Comparison of a Lower-lipid Propofol Emulsion with the Standard Emulsion for Sedation during Monitored Anesthesia Care

Dajun Song, Mohamed A. Hamza, Paul F. White, Stephanie I. Byerly, Stephanie B. Jones, Amy D. Macaluso

Research output: Contribution to journalArticlepeer-review

34 Scopus citations


Background: The currently used emulsion formulations of 1% propofol contain 10% soybean oil. However, a new emulsion of 1% propofol (Ampofol) containing 50% less lipid has recently become available for clinical investigation. This study was designed to compare the pharmacodynamic properties of Ampofol with those of a standard formulation (Diprivan) when administered for intraoperative sedation. Methods: Sixty healthy outpatients undergoing minor operations with local anesthesia were randomly assigned to receive either Ampofol (n = 31) or Diprivan (n = 29) for intravenous sedation. The sedation was initiated with an intravenous loading dose of propofol, 0.75 mg/kg, followed by an initial infusion rate of 50 μg · kg -1 · min-1 to achieve an Observer's Assessment of Alertness/Sedation score of 3. The targeted level of sedation was maintained with a variable-rate propofol infusion during the operation. The onset times to achieving a sedation score of 3, the severity of pain on injection of the loading dose, intraoperative hemodynamic variables, and electroencephalographic Bispectral Index values were recorded. In addition, recovery times, postoperative pain and nausea, and patient satisfaction with the sedative medication were assessed. Results: There were no significant differences between Ampofol and Diprivan with respect to onset times, dosage requirements, Bispectral index values, hemodynamic variables, recovery times, or patient satisfaction scores. The incidence of moderate pain on injection was higher in the Ampofol group (26% vs. 7% with Diprivan; P < 0.05). Conclusions: Ampofol was equipotent to Diprivan with respect to its sedative properties during monitored anesthesia care. Although both groups received pretreatment with intravenous lidocaine, Ampofol was associated with more pain on injection.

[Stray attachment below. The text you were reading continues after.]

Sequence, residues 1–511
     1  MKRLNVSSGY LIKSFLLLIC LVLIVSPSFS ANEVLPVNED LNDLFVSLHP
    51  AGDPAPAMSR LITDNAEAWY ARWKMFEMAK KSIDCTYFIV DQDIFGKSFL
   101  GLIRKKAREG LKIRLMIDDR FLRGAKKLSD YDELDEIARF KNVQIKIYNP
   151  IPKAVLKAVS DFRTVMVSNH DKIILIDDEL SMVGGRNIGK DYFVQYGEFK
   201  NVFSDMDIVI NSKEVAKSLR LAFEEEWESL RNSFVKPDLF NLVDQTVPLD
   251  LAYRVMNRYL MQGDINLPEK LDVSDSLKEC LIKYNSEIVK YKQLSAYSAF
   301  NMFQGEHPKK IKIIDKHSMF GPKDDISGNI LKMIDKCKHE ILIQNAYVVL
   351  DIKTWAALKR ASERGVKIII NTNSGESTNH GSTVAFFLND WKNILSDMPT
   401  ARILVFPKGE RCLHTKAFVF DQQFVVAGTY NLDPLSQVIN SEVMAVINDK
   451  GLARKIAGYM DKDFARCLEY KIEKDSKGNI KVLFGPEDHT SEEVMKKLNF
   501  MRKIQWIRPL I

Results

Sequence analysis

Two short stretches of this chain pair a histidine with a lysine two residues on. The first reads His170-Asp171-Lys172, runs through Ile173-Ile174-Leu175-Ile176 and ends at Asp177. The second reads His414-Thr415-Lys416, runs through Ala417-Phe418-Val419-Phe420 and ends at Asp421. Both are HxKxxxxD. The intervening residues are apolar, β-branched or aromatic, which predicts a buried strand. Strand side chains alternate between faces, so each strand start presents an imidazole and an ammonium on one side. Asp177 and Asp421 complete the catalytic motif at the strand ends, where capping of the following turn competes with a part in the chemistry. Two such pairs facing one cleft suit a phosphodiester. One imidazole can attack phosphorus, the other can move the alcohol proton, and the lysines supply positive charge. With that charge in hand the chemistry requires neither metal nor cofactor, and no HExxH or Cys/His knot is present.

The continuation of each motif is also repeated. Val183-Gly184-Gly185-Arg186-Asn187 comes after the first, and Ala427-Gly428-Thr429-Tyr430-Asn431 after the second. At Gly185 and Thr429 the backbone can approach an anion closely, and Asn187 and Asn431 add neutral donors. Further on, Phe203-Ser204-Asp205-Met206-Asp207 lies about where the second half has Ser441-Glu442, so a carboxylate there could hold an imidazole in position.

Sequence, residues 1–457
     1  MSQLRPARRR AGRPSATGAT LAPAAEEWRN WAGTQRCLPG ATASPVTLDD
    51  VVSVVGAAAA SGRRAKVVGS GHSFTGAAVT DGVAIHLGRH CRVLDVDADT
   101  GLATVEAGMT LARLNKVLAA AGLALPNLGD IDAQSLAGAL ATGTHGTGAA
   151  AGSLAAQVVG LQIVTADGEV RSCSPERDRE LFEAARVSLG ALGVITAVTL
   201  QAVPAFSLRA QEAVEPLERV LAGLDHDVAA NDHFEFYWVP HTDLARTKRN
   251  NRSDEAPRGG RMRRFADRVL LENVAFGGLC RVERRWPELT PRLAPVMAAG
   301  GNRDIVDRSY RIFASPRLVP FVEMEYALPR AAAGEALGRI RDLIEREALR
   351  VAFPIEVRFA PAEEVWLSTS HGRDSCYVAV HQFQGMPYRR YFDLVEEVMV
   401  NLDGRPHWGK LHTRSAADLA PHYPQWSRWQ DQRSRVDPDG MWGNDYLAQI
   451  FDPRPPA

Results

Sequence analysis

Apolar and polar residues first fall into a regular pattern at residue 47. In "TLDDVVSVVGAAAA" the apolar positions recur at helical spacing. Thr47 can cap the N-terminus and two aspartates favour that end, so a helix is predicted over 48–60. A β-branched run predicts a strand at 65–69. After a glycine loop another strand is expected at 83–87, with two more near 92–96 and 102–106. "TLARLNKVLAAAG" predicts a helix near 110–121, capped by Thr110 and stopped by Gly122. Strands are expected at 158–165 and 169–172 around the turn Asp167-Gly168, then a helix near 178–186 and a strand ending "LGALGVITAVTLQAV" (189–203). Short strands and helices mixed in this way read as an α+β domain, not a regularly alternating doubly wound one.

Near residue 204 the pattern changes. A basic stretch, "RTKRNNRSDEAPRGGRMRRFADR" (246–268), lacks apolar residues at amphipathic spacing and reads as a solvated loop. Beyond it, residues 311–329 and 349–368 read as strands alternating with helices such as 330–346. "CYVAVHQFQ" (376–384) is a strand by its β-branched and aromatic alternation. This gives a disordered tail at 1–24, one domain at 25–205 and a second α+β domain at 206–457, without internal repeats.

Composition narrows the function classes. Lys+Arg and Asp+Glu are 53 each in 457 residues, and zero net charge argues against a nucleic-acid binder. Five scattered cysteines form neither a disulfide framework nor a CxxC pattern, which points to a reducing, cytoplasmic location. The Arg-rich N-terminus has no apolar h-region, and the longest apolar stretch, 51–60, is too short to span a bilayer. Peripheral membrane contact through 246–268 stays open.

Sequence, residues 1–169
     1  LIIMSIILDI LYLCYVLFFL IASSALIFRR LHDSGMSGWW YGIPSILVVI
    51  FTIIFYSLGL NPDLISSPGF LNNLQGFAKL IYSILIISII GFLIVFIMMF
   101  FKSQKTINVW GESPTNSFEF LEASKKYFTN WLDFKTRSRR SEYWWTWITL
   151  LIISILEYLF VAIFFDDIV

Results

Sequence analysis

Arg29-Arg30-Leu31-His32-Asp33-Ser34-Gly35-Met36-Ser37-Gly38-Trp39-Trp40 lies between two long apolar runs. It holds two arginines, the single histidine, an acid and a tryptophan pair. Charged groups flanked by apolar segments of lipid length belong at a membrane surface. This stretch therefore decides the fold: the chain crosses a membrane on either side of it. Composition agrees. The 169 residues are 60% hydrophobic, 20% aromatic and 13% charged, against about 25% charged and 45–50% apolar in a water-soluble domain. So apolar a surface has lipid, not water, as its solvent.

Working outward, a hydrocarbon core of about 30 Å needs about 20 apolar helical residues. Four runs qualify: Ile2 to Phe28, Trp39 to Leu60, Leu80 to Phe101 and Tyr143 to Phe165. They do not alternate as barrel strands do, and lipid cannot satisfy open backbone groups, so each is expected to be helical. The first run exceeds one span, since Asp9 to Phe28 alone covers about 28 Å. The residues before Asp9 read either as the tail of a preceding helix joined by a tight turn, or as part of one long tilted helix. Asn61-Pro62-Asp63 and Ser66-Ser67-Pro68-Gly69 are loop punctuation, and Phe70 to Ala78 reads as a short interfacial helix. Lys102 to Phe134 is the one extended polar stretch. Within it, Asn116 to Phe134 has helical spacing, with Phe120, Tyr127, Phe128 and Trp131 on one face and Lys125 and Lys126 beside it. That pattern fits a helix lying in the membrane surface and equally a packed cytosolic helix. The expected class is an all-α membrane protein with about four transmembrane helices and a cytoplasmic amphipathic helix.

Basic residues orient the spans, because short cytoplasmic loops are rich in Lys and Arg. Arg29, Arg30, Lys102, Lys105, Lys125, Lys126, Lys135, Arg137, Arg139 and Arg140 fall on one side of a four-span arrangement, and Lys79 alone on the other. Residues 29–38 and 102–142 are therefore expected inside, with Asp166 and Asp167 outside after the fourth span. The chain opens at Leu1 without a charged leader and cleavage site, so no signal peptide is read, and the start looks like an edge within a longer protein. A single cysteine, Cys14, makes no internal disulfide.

Original languageEnglish (US)
Pages (from-to)1072-1075
Number of pages4
Issue number5
StatePublished - May 2004

ASJC Scopus subject areas

  • Anesthesiology and Pain Medicine


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